Connect with us

Snapshots

Studio 05 House of Fashion: Cecilia Mungofa

Fashionistas take an innovative approach to education – and revitalise the rag trade in the process.

Juliet Pitman

Published

on

Cecilia Mungofa of Studio 5 House of Fashion

South Africa’s clothing industry may be under threat but this was no deterrent to Cecilia Mungofa when she set out to start Studio 05 House of Fashion. “Quite the contrary. It made me want to do something to revive the industry,” says the stylish and statuesque businesswoman. “I knew that the best way to do that was through education, so my vision was to establish an educational institution that would develop the fashion talent of tomorrow.” Cecilia started the company with sons Nashville and Bruno, setting up shop in Rosebank’s vibrant fashion hub, which is home to rag trade icons like Sun Goddess and Stoned Cherrie.

“We started with little more than a room, a few tables and a white board, but what we did have was skills,” says Cecilia, who spent her career in the fashion industry working her way up in afactory from marker to designer. “Bruno came with web design skills and Nashville had been in advertising, so together with my knowledge of fashion, we were good to go,” shesays.

Early years

The initial “marketing campaign” –handing out flyers at traffic lights and running ads in local community newspapers– yielded a small inaugural class of part-time students. “But we quickly realised that we needed to include year-long courses in our offering so that we could be assured of regular monthly fees. To our short courses we added certificate and finally diploma qualifications,” says Cecilia. Doing so allowed the school to cover two bases: the part-time market made up predominantly of older students or those in corporate employment, and the full-time market of young students wanting a fashion career.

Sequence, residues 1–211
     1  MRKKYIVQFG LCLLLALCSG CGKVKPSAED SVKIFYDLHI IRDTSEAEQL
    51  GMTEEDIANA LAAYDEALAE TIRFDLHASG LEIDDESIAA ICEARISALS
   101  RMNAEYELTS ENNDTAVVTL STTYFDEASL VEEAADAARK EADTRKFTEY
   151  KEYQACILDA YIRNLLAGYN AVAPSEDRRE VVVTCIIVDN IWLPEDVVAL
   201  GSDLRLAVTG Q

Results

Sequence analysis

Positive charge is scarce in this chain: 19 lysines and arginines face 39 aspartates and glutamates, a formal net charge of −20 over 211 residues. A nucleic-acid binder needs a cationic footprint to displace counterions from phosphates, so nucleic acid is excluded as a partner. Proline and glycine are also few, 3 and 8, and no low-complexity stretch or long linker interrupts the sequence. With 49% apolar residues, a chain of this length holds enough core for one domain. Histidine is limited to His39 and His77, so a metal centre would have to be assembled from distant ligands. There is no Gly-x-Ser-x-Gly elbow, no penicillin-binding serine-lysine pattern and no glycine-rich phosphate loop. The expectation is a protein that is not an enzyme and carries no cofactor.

Getting the edge

One of the first things parents ask is how long the school has been going for. People want to know that the qualification they are paying for is worth something. A related consideration is whether their qualification will get them a job. Students at Studio 05 can leverage the school’s relationships with top fashion houses to secure internships that provide them with work experience. “We have relationships with both Johannesburg-based fashion weeks, and we organise our own shows to give students a taste for what it takes to conceptualise, design, develop and showcase their own work,” says Cecilia.

A programme called Designer Solutions provides graduates with support, access to facilities and work opportunities.“Many graduates don’t get to follow their dream because they don’t have access to facilities or infrastructure to get going. Designer Solutions allows them to use our facilities and equipment for a very competitive rate. This gives them a chance to get their own operations up and running. And we put them in touch with the local fashion stores with whom we have relationships so that they can gain access to the market,” says Bruno. Studio 05 is also in negotiations with one of South Africa’s biggest clothing retailers. “Graduate designers would be able to pitch their design concepts and then we’d handle the production of the garments in-house as far as possible,” explains Cecilia. Young designers would there by build a portfolio of retail lines while still being free to start their own fashion businesses.

Looking externally